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What to Know About a Backdoor Roth

The purpose of having a Roth IRA is to save for your own retirement and provide retirement security. The advantage of using a Roth IRA is being able to make tax-free qualified withdrawals. Unlike a traditional IRA, contributions to a Roth IRA are taxed before they go into the account.

One legislative reform up for consideration would end “backdoor” and “mega backdoor” Roth strategies for the wealthy, and add new contribution rules for individuals exceeding $10 million, thus prohibiting wealthy individuals from contributing extra savings.

A backdoor Roth applies to people whose incomes are above the IRS limits. For example, in 2021, a single taxpayer can’t add money to a Roth IRA if their income exceeds $140,000.

When using a backdoor Roth, you roll money over from a traditional IRA to a Roth account. You won’t have to pay taxes on your retirement savings in the Roth IRA when it’s time to make withdrawals and you’re not subject to required minimum distribution rules.

But the catch is you pay income tax on the money you roll over to a Roth account. So while you could save money on taxes in retirement, you can’t escape the tax liability of a traditional IRA altogether.

The bill would also repeal Roth conversions in individual retirement accounts and 401(k)-type plans for those single taxpayers making more than $400,000 a year. For married taxpayers filing jointly, the threshold is $450,000 and for heads of households, $425,000.

This also prevents savers from using the next approach, regardless of their income levels.

A mega backdoor Roth is defined as a unique 401(k) rollover that’s designed for high earners who have a 401(k) plan at work. It allows earners to save up to $58,000 in a 401(k) plan (rather than $19,500) using what’s called an “after-tax 401(k) bucket” to convert their savings to a Roth.

House Democrats want to end the mega-backdoor Roth by eliminating the ability to convert after-tax contributions in both workplace plans and IRAs to a Roth IRA.

The policy would apply at the same income thresholds listed above and would count for distributions, transfers and contributions made in taxable years beginning after Dec. 31, 2031. But regardless of income level, the proposed policy would apply to everyone.

The Broader Theme

Accredited investors seeking to buy a private investment won’t have an easy time either. The Democrats’ proposed legislation clearly bans IRA investments that require the owner to have a minimum level of assets or income, or to have completed a minimum level of education or obtained a specific license or credential.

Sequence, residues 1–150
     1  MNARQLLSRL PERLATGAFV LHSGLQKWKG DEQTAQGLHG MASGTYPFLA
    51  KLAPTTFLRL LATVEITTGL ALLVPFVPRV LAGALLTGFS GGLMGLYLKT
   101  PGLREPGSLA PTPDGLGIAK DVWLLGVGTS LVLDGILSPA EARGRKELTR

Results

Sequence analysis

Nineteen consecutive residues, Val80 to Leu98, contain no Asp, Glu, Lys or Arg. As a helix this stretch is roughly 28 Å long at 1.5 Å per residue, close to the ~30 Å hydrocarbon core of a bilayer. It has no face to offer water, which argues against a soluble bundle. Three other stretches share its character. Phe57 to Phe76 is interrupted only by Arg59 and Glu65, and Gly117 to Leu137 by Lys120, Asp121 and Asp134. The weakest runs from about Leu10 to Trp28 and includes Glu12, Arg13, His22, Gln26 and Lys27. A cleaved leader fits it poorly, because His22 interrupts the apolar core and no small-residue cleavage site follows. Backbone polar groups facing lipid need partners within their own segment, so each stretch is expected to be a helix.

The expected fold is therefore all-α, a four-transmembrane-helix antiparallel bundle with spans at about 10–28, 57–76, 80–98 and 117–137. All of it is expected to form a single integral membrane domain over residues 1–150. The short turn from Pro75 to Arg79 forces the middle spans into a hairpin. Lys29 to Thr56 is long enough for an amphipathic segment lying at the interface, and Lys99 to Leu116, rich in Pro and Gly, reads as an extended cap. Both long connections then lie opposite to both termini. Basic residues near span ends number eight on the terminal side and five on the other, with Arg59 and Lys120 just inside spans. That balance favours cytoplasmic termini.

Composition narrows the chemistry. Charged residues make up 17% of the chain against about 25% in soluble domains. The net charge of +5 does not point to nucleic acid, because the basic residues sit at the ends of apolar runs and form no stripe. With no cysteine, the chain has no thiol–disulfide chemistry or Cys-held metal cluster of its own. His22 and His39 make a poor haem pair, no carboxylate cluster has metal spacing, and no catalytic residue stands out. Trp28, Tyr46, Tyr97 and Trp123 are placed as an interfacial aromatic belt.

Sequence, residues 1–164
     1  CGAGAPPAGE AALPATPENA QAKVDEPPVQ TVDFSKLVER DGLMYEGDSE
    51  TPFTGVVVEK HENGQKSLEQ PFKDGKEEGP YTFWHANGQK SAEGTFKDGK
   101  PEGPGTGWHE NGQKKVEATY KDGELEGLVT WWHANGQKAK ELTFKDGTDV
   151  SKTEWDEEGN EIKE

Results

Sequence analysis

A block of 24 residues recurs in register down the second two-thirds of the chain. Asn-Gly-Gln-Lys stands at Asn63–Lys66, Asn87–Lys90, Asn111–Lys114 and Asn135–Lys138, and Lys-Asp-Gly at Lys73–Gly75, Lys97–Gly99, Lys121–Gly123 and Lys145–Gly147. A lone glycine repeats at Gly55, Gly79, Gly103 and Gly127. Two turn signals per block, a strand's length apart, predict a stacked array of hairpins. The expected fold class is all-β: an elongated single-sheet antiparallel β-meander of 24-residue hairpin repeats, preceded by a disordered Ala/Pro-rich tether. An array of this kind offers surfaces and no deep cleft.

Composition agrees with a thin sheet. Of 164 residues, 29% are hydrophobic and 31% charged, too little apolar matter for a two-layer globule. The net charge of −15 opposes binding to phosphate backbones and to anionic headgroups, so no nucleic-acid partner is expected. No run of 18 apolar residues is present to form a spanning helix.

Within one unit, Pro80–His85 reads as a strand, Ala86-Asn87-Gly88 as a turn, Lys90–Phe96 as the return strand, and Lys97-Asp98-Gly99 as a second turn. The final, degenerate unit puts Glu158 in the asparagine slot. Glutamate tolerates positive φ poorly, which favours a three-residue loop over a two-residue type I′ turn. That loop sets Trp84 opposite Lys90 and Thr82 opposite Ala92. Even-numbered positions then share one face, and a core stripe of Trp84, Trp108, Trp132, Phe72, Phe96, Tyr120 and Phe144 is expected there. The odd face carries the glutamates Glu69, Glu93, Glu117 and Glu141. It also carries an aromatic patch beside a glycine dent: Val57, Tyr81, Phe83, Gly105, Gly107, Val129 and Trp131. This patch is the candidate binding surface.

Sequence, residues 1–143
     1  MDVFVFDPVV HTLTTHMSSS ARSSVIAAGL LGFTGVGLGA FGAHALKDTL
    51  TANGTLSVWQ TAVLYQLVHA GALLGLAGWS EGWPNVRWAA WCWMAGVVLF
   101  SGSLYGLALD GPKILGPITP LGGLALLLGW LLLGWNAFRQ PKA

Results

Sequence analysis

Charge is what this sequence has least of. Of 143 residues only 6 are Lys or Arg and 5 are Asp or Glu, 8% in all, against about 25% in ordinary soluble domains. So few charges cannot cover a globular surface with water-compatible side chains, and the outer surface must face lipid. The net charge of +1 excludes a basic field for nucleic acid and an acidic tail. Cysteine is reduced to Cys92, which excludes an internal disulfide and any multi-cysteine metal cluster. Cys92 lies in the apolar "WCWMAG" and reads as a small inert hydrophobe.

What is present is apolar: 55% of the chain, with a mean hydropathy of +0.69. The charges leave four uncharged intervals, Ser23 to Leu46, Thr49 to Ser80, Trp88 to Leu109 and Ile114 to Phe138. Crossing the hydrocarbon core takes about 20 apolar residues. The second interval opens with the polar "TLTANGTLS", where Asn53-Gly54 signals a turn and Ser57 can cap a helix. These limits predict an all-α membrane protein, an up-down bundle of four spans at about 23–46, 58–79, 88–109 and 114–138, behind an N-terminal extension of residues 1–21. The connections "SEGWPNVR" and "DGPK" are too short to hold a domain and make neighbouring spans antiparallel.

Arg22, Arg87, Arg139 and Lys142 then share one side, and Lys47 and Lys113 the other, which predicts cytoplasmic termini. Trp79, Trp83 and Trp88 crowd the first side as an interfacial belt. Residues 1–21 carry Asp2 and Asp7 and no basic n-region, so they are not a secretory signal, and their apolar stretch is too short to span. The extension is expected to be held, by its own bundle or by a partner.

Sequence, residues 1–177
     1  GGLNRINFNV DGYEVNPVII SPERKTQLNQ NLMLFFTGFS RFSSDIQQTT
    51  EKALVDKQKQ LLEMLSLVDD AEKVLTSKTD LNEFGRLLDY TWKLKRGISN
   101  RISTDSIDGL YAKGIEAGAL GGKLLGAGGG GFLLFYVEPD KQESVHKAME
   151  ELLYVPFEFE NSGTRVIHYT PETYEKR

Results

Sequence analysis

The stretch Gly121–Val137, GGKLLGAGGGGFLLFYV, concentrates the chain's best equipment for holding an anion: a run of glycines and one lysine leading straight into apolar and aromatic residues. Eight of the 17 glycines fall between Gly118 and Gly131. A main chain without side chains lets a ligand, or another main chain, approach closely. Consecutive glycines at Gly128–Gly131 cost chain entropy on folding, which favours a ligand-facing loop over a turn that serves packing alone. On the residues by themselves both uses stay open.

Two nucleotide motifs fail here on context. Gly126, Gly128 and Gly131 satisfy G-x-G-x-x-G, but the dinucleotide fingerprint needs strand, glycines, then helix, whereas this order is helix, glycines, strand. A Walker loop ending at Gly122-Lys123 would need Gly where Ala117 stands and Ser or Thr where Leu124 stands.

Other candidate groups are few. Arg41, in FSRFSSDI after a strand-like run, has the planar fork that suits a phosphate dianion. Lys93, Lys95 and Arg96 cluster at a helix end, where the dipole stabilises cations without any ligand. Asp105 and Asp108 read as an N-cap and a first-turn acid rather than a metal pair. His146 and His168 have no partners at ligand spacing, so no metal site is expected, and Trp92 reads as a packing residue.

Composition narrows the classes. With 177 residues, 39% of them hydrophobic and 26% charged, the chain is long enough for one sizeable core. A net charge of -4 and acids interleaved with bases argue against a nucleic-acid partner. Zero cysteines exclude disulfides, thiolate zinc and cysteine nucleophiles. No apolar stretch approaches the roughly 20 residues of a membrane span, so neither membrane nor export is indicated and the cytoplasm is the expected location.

So, basically, IRAs with these investments would lose their IRA status — meaning they’d lose their tax benefits. Although these rules will apply starting in 2022, there is a two-year transition period for IRAs already holding these investments.

Keep in mind, Hefren-Tillotson advisors as well as many other advisors recommend Roth conversions when it makes sense in financial plans. This is another layer of planning.

And it is all part of a broader theme of raising taxes on those who earn more than $400,000 annually to help pay for education, climate, paid-leave, child-care and other measures while also making the tax code more equitable.

“These life-changing provisions will level the playing field, expand opportunity and rebuild our economy to be more equitable and inclusive,” Chairman Richard Neal, D-Mass., said in a statement.  

As you know, Roth IRAs are neither except from federal and state tax, nor subject to required minimum distributions rules that typically apply to traditional IRAs. 

The top tax rate proposed on capital gains and qualified dividends would rise up to 28.8%.

The top federal rate would be 25% on long-term capital gains, from 20%, added to the existing 3.8% surtax on net investment income, would come in at 28.8% and apply to stock and other asset sales that occur after Sept. 13, 2021.

If you have questions or would like more information and how legislative changes might affect you and your situation, please contact us at Hefren-Tillotson today. We would be happy to help.

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